Reviewing my reading habits

It’s occurred to me that I’m becoming an increasingly lazy reader, preferring to read reviews of books than the books themselves. Below are some snippets from the latest to have caught my eye.

Reviews of books about dark Jewish comedians and insightful Australian art critics. Books on how the internet has changed our understanding of knowledge, how word processors have changed literature, and about how art can save us from our bone-deep solitude.

The wondrous critic
The most manifest virtue of these essays is their language, marked by an uncommon command of vocabulary and (in our day) a far rarer mastery of syntax, allied to a thoroughly antiquated respect for the rules of grammar. Open this anthology anywhere and you will be hard put to find a sentence that is not as memorable for its very phrasing as it is for its thought.

The lonely city
She tells us that she often moved through New York feeling so invisibly alone that she felt like a ghost, and so started to think of other ghosts as suitable company. The dead, for Laing, are not so much historical figures as they are very vibrant modern companions, and she invokes them with an ease and familiarity of old friends. She allows Warhol to pop up in the chapter on the web, Hopper to pop up in a chapter on Warhol, and so on. In Laing’s head, all of these artists are still alive somewhere – perhaps even in communion with one another. This thought makes her feel less alone, and she passes it along to us.

Rethinking knowledge in the Internet Age
In fact, knowledge is now networked: made up of loose-edged groups of people who discuss and spread ideas, creating a web of links among different viewpoints. That’s how scholars in virtually every discipline do their work — from their initial research, to the conversations that forge research into ideas, to carrying ideas into public discourse. Scholar or not, whatever topic initially piques our interest, the net encourages us to learn more. Perhaps we follow links, or are involved in multiyear conversations on stable mailing lists, or throw ideas out onto Twitter, or post first drafts at arXiv.org, or set up Facebook pages, or pose and answer questions at Quora or Stack Overflow, or do “post-publication peer review” at PubPeer.com. There has never been a better time to be curious, and that’s not only because there are so many facts available — it’s because there are so many people with whom we can interact.

How literature became word perfect
The literary history of the early years of word processing—the late 1960s through the mid-’80s—forms the subject of Matthew G. Kirschenbaum’s new book, Track Changes. The year 1984 was a key oment for writers deciding whether to upgrade their writing tools. That year, the novelist Amy Tan founded a support group for Kaypro users called Bad Sector, named after her first computer—itself named for the error message it spat up so often; and Gore Vidal grumped that word processing was “erasing” literature. He grumped in vain. By 1984, Eve Kosofsky Sedgwick, Michael Chabon, Ralph Ellison, Arthur C. Clarke, and Anne Rice all used WordStar, a first-generation commercial piece of software that ran on a pre-DOS operating system called CP/M.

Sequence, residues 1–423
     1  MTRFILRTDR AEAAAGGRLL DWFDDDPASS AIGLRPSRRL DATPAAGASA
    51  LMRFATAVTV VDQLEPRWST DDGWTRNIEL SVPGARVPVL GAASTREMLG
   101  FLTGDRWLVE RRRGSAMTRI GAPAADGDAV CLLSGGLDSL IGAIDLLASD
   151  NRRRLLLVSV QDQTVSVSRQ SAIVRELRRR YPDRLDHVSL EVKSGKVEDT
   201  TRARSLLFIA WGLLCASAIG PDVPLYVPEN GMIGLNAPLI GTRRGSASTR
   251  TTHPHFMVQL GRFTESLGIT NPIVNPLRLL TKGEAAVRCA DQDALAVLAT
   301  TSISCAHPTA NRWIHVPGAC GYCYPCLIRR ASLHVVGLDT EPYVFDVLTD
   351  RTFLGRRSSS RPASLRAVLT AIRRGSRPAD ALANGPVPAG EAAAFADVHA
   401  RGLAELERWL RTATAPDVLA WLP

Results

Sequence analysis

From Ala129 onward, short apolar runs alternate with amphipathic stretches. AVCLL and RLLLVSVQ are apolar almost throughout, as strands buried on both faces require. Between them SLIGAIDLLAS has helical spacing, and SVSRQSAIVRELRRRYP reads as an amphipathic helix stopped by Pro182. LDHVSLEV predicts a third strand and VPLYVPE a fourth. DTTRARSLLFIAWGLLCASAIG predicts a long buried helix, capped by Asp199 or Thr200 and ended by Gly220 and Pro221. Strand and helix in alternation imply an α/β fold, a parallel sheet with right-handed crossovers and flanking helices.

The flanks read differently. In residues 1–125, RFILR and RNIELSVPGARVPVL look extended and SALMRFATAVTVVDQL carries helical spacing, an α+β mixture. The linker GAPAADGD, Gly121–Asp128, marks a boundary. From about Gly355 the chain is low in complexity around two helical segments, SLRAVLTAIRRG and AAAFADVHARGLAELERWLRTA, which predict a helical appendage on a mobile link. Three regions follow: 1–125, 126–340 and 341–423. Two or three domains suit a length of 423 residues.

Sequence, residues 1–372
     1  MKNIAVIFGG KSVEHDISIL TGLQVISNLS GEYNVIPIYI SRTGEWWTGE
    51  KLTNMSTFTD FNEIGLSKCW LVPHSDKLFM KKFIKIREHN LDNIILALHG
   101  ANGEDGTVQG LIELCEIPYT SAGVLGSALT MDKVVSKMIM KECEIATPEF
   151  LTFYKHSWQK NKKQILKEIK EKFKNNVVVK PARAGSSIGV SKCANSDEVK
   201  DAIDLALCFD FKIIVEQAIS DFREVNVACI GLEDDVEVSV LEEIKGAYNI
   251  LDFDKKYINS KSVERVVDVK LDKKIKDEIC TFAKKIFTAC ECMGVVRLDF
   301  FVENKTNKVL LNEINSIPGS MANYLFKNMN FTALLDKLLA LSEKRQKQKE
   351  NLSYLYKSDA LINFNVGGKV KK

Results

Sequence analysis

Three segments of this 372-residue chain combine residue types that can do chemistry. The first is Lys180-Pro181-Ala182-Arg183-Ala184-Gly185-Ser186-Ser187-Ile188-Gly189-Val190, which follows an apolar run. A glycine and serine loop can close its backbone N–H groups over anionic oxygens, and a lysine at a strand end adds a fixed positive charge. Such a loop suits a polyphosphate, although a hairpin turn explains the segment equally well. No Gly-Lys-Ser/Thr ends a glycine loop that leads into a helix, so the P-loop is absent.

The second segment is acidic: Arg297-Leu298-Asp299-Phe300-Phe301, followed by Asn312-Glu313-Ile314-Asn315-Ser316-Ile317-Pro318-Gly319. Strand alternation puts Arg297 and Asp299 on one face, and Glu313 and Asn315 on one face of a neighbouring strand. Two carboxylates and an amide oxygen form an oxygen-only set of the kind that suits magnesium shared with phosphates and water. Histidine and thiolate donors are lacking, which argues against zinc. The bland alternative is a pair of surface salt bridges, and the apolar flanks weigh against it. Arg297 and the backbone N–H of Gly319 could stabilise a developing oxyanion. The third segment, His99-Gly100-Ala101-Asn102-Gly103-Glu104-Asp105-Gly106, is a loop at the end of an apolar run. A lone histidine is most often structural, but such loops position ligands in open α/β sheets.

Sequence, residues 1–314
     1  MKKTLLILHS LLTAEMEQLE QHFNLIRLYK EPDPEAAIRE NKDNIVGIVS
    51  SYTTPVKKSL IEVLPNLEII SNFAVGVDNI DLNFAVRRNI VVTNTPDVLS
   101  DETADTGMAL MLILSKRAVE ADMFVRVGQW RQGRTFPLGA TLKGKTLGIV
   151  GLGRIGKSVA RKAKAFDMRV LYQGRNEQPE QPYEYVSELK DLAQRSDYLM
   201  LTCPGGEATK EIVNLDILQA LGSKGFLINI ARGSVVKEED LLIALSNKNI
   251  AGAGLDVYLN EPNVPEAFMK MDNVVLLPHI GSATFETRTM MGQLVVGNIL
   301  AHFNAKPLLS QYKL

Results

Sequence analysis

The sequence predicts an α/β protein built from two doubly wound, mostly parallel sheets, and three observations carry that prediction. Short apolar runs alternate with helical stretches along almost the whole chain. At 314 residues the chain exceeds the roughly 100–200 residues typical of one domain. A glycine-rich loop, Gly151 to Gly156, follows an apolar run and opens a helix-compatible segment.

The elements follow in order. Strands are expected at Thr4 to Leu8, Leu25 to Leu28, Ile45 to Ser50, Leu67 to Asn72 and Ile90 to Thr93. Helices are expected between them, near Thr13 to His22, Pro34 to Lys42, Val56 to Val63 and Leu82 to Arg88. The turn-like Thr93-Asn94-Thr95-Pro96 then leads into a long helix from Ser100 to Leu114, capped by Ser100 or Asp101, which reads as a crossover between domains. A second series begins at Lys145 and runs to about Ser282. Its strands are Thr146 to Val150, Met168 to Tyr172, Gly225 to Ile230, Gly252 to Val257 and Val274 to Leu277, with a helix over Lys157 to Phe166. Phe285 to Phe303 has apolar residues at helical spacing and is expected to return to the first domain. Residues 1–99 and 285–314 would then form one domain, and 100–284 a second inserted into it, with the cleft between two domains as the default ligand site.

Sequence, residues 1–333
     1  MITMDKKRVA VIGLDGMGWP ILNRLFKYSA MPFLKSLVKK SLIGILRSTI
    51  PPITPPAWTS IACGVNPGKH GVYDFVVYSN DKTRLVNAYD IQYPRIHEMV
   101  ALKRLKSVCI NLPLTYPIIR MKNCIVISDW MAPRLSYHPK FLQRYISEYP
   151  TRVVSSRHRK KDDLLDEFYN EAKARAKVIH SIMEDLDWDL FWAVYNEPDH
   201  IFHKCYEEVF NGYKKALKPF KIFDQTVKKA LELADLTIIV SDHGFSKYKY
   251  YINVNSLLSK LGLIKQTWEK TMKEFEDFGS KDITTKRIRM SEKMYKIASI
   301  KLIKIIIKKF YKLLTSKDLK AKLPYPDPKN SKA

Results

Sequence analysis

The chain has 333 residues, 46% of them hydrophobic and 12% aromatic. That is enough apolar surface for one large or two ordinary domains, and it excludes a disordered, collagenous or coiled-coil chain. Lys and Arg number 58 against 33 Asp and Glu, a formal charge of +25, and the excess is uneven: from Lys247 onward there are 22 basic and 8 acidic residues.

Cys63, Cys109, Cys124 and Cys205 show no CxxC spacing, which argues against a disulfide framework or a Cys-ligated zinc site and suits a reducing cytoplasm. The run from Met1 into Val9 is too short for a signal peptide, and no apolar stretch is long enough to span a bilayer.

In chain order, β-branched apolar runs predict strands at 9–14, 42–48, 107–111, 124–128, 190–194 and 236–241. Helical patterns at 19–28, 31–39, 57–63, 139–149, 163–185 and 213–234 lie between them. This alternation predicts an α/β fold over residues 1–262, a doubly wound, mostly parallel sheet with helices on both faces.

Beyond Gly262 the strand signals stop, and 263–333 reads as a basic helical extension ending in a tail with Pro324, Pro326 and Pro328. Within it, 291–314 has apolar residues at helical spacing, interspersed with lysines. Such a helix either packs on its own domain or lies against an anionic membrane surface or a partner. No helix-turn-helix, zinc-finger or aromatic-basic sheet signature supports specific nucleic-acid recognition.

Jews on the Loose
In his movie roles Groucho, for Lee Siegel, represents not an amusing attack on pretension but “the spirit of nihilism.” Siegel disputes the view that Woody Allen is Groucho’s descendant, for he feels that “Allen is simply too funny to be Groucho’s direct descendant.” Groucho is—and he is right about this—much darker. “No other comedians of the time,” Siegel writes, “come close to the wraithlike sociopath Groucho portrays in the Marx Brothers’ best films.”

Rather than solely answering our “Should I buy the book or not?” question, these reviews act as companion pieces to the books, whether the reviewer is agreeing with the author or not. The dialogue only adds.

I need to resist the temptation of considering the review as a substitute to the book, though. Maybe I need to find a review of a book about tackling laziness or something…

Dr. Strangelove film review to end all others

Dr. Strangelove film review to end all others

“… In addition to numerous sexual images and jokes throughout the film (including large phallic cigars, mating airplanes, guns, Ripper’s impotent “loss of essence”, and the orgasmic atomic bomb that Kong rides between his legs), many of the absurd, omnipresent names of the male, military characters (caricatures) have sexual connotations or allegorical references that suggest the connection between war, sexual obsession and the male sex drive: …”

Short and sweet, and very old

short-and-sweet

Roundhay Garden Scene, Leeds (1888)
Roundhay Garden Scene is an 1888 short film directed by inventor Louis Le Prince, considered to be the world’s first film ever made using a motion picture camera. According to Le Prince’s son, Adolphe, it was filmed at Oakwood Grange, the home of Joseph and Sarah Whitley, in Roundhay, Leeds, West Riding of Yorkshire, United Kingdom on October 14, 1888.